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      Mitochondrial genetics

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          In the last 10 years the field of mitochondrial genetics has widened, shifting the focus from rare sporadic, metabolic disease to the effects of mitochondrial DNA (mtDNA) variation in a growing spectrum of human disease. The aim of this review is to guide the reader through some key concepts regarding mitochondria before introducing both classic and emerging mitochondrial disorders.

          Sources of data

          In this article, a review of the current mitochondrial genetics literature was conducted using PubMed ( In addition, this review makes use of a growing number of publically available databases including MITOMAP, a human mitochondrial genome database (, the Human DNA polymerase Gamma Mutation Database ( and (, a repository of global mtDNA variation.

          Areas of agreement

          The disruption in cellular energy, resulting from defects in mtDNA or defects in the nuclear-encoded genes responsible for mitochondrial maintenance, manifests in a growing number of human diseases.

          Areas of controversy

          The exact mechanisms which govern the inheritance of mtDNA are hotly debated.

          Growing points

          Although still in the early stages, the development of in vitro genetic manipulation could see an end to the inheritance of the most severe mtDNA disease.

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          Most cited references 173

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          Reanalysis and revision of the Cambridge reference sequence for human mitochondrial DNA.

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            Mitochondrial fission, fusion, and stress.

            Mitochondrial fission and fusion play critical roles in maintaining functional mitochondria when cells experience metabolic or environmental stresses. Fusion helps mitigate stress by mixing the contents of partially damaged mitochondria as a form of complementation. Fission is needed to create new mitochondria, but it also contributes to quality control by enabling the removal of damaged mitochondria and can facilitate apoptosis during high levels of cellular stress. Disruptions in these processes affect normal development, and they have been implicated in neurodegenerative diseases, such as Parkinson's.
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              A mitochondrial protein compendium elucidates complex I disease biology.

              Mitochondria are complex organelles whose dysfunction underlies a broad spectrum of human diseases. Identifying all of the proteins resident in this organelle and understanding how they integrate into pathways represent major challenges in cell biology. Toward this goal, we performed mass spectrometry, GFP tagging, and machine learning to create a mitochondrial compendium of 1098 genes and their protein expression across 14 mouse tissues. We link poorly characterized proteins in this inventory to known mitochondrial pathways by virtue of shared evolutionary history. Using this approach, we predict 19 proteins to be important for the function of complex I (CI) of the electron transport chain. We validate a subset of these predictions using RNAi, including C8orf38, which we further show harbors an inherited mutation in a lethal, infantile CI deficiency. Our results have important implications for understanding CI function and pathogenesis and, more generally, illustrate how our compendium can serve as a foundation for systematic investigations of mitochondria.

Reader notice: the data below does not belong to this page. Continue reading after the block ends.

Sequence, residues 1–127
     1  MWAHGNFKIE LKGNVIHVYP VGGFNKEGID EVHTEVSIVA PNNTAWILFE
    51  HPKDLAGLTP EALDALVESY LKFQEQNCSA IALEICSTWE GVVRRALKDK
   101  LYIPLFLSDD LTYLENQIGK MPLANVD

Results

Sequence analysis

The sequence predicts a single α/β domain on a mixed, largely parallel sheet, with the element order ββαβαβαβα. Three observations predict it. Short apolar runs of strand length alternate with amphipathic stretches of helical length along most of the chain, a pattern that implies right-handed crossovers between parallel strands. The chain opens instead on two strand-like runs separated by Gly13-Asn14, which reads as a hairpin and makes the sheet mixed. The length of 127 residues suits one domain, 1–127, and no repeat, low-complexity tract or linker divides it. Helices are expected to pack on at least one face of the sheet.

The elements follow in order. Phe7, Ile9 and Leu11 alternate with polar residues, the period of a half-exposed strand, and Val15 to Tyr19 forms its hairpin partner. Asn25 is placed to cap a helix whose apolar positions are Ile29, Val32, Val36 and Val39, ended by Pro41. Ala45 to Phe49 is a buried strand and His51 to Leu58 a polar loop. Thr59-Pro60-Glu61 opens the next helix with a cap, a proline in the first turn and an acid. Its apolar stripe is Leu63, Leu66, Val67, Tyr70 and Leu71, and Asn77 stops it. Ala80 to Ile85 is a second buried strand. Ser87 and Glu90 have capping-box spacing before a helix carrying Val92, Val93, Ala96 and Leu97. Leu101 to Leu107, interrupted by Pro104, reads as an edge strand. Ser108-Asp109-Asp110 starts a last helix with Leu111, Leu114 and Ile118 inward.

Author and article information

                Br Med Bull
                Br. Med. Bull
                British Medical Bulletin
                Oxford University Press
                June 2013
                June 2013
                : 106
                : 1
                : 135-159
                Institute of Genetic Medicine, International Centre for Life, Newcastle University , Central Parkway, Newcastle upon Tyne NE1 3BZ, UK
                Author notes
                [* ]Correspondence address. Institute of Genetic Medicine, International Centre for Life, Newcastle University, Central Parkway, Newcastle upon Tyne NE1 3BZ, UK. E-mail: gavin.hudson@
                © The Author 2013. Published by Oxford University Press.

                This is an Open Access article distributed under the terms of the Creative Commons Attribution License (, which permits unrestricted reuse, distribution, and reproduction in any medium, provided the original work is properly cited.



                mitochondria, mtdna, mitochondrial disease, mitochondrial dna, genetics


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